“There are a lot of people who vocally hate us because of some of our ‘pranks’,” reveals Hatt, “but there’s always a lot more to them than merely trying to score cheap notoriety. Everything we do is a reaction to being part of a music industry that depresses us greatly, but also an industry we feel as though we should be part of on merit… even though we know it doesn’t work that way 99% of the time. We’ve met plenty of people at gigs who discovered us through the James Bond single, or just recently had people contacting us saying they’d listened to our music after seeing the fake Spotify advert we shared, which is great. If people think making fans by harnessing the band’s inner personality through campaigns against the music industry is more cynical than just paying someone who doesn’t care about your band to try and get reviews, then they can just shut up. We know we’re never going to be making a living off this, so we may as well try and have some fun with it rather than just keep our heads down and pander.”
But what future is there for a band as vital and visceral as Spectres in this post-truth world where making a living from music is seemingly a thing of the past unless you get a big fat BPI grant like Slaves; where you get more shares on Facebook for a meme poking fun at Spotify’s royalty rates than a genuinely thought-provoking and challenging video, like the one they made for ‘Dissolve’ last year?
“Just existing is enough for us at this point,” says Hatt, resignedly. “We’ve always known we will never have mass appeal, so merely being an entity is fine. We have friends moving into houses that are being bought for them by their parents out of panic because they see the market imploding and their kids’ futures doing the same thing. None of us will ever own a house, but if we write good songs we may get to travel around and stay in houses owned by other people and that’s all we want to achieve, really: a free Airbnb.”
After two years of playing live shows all over Europe in support of ‘Dying’ and its postmortem, ‘Dead’ – including memorably stepping into the slot vacated by Björk at La Route du Rock a couple years ago – the band had intended to decamp somewhere remote to write the follow-up. “We were going to bury our phones, burn our laptops and just write music for a week, come back and record it,” says Hatt. “But we didn’t get a chance to do this as all of our holidays from work were used up by us gigging more than we were used to. The romantic idea of the writing holiday soon just disintegrated into panic when we suddenly realised we were recording the album in a month and we only had about four songs.”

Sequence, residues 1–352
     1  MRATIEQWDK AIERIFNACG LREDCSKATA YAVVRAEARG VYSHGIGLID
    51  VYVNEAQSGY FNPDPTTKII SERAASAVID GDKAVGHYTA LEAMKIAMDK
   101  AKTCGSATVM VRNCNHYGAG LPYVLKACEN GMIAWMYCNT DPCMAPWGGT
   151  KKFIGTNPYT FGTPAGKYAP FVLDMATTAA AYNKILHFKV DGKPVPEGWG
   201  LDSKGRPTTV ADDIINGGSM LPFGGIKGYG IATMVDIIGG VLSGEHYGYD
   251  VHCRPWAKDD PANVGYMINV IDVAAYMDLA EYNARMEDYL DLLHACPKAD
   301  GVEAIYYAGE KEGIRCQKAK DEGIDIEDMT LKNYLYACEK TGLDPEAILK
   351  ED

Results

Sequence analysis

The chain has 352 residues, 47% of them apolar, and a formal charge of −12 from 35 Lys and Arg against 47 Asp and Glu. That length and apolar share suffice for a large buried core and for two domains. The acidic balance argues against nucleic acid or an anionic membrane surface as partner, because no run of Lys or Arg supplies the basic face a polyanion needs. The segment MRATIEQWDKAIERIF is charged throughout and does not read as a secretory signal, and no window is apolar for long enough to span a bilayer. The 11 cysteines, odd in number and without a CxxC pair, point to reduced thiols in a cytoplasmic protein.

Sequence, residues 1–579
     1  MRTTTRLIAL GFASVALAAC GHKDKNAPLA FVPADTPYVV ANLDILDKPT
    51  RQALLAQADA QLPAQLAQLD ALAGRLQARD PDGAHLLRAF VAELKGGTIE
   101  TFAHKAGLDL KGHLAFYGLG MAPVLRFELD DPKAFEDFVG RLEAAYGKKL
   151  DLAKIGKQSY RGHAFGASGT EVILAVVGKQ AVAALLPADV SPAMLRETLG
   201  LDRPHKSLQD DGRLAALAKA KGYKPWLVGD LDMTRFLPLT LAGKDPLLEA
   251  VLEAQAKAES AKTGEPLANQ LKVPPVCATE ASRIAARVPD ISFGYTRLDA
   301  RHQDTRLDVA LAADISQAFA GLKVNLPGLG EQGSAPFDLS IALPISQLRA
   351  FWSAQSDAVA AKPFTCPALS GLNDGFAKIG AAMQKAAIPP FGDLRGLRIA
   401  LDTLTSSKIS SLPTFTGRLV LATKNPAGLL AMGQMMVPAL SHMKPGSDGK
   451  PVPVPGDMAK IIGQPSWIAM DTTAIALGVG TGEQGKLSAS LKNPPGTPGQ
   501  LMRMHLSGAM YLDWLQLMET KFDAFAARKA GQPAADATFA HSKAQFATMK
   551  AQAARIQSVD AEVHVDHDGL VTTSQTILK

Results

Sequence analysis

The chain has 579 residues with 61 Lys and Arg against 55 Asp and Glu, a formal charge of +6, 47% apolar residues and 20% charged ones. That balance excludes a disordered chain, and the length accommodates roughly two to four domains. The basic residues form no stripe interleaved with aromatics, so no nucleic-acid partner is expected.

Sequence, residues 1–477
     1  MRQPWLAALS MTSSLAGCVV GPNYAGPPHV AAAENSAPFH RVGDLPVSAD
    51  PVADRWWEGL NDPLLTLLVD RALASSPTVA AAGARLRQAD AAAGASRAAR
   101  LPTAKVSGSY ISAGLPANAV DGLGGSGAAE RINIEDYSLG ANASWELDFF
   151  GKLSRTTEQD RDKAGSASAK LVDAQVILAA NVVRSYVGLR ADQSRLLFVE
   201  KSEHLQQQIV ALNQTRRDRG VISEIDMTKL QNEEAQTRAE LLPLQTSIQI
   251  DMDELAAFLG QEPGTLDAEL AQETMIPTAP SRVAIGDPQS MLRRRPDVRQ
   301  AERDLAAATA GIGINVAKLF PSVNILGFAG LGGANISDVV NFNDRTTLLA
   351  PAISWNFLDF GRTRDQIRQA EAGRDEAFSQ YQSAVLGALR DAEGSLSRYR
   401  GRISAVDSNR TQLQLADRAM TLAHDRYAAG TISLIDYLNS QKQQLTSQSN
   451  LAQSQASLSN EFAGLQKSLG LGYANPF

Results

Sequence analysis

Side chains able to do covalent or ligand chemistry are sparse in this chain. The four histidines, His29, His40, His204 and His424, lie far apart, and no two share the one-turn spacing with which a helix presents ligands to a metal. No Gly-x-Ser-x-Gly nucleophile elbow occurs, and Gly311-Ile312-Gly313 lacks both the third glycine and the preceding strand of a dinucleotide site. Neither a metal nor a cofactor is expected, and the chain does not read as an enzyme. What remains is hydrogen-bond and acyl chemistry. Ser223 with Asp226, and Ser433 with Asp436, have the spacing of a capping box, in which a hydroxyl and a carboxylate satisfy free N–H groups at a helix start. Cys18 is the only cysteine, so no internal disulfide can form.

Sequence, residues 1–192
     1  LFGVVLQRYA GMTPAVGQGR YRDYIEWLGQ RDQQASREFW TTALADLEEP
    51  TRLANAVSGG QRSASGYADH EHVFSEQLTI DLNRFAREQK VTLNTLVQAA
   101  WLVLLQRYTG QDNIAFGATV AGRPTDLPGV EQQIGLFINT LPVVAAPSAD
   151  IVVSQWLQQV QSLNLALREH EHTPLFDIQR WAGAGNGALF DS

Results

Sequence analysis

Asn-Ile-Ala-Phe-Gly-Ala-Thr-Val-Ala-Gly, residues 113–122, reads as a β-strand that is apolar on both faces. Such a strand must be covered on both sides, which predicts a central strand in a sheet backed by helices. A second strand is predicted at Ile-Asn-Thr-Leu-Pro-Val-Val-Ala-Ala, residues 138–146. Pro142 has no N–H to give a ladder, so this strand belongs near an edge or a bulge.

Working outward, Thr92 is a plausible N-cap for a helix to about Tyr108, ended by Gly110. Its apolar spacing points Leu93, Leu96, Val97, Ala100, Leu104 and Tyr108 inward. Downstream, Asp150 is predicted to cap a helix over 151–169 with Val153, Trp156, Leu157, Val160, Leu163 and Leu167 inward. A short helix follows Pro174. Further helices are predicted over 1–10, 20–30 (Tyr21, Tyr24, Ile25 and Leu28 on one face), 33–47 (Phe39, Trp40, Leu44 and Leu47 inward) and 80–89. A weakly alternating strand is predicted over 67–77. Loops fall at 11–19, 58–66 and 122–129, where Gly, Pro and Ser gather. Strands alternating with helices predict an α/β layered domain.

That they managed to produce a record as good as ‘Condition’ is a minor miracle, then, especially as the overriding themes and concept of the album, right across the songs and the stunning artwork, seem even more coherent and considered than the first album. But what exactly is the condition that the title refers to?
“I’ve always been interested in the human condition in terms of how we are programmed emotionally and either try to adhere or break away from that,” explains Hatt. “How we condition ourselves to try and blend in or get through the day, whether that be blocking things out, or drinking it all in, or in many cases both. The title came to me when we were mixing the first record and, from then on, it just stuck. It was about another year before I started writing lyrics for ‘Condition’, but it was good having that starting point forming and sprawling in my head for that amount of time as there was already a mood set. This all fed into the artwork quite heavily, too, where the idea was to try and present both the introvert and extrovert within us. We have worked with Stephanie Third [who did the ‘Dying’ front cover] again and she produced a set of tranimal-inspired photographs in which we wanted to depict human emotions bulbing out of a body in a vulgar mess, just like they do, but represented physically. The front cover of the vinyl version came about from me being a huge fan of the artist Laurie Lax’s ‘Comic Boom Boom’ series. The first time I saw them I thought that it would be an exciting idea to try and work with her on something similar for the future, and when the time was right we began working out ways of how to link her process to the themes and moods of the album.”
And Spectres’ mood has never really changed: “The same things drive us now as they did before because they’re so deep-rooted,” concludes Hatt. “Making noise that can’t help but make people forget and remember everything at the same time, and total disdain towards a world where we kind of need to exist.”
It’s time for the Independent Label Market once again. This Saturday (November 26) will see all of your favourite labels – and some of your favourite hipster breweries, too – congregating in Old Spitalfields Market in London to sell their wares. As ever, we have got some good stuff for you, including this exclusive tape of XAM Duo’s improvised show at the Total Refreshment Centre in London a few weeks ago.
We will also have copies (or sometimes just one copy) of every release on Sonic Cathedral this year, some of which are selling for £100 on Discogs. In case you’ve not been keeping up, this means we will have the following:
SCR071 – Odd Nosdam – ‘T r i s h’ splatter vinyl 12″
SCR072 – Odd Nosdam – ‘More Lost & Haunted Remains’ tape
SCR088 – Various – ‘Kraftwerk? Ja Bitte!’ glow in the dark vinyl 12″
SCR090LP – Spectres – ‘Dying’ red vinyl LP
SCR091 – Spectres – ‘Dead’ CD
SCR091LP – Spectres – ‘Dead’ double LP
SCR100LP – The Early Years – ‘The Early Years’
SCR101 – The Early Years – ‘Demo’ CD
SCR105 – Yeti Lane – ‘L’Aurore’ CD
SCR105LP – Yeti Lane – ‘L’Aurore’ clear vinyl LP
SCR110 – The Early Years – ‘II’ CD
SCR110LP – The Early Years – ‘II’ black / white vinyl double LP
SCR111 – The Early Years – ‘Nocturne’ lathe cut 7″
SCR115 – Lorelle Meets The Obsolete – ‘Balance’ CD
SCR115LP – Lorelle Meets The Obsolete – ‘Balance’ clear / blue vinyl LP
SCR120 – XAM Duo – ‘XAM Duo’ CD
SCR120LP – XAM Duo – ‘XAM Duo’ double LP
SCR121 – XAM Duo – ‘Total Refreshment Centre, London, November 5, 2016’ tape
And if that’s still not enough, we will also have copies of Ulrich Schnauss’ wonderful new album ‘No Further Ahead Than Today’ on vinyl and we will be joined by Adrian Dutt from Spectres who might just be, er, dropping something new and exclusive by his band, while also selling some rarities from his Howling Owl label, including more Spectres rarities, vinyl albums for a fiver, signed Oliver Wilde records, test pressings and lots more.
Please come and join us for a mince pie and a sherry. We are open from 11am until 6.30pm and are in good company, as you can see from the stall plan below.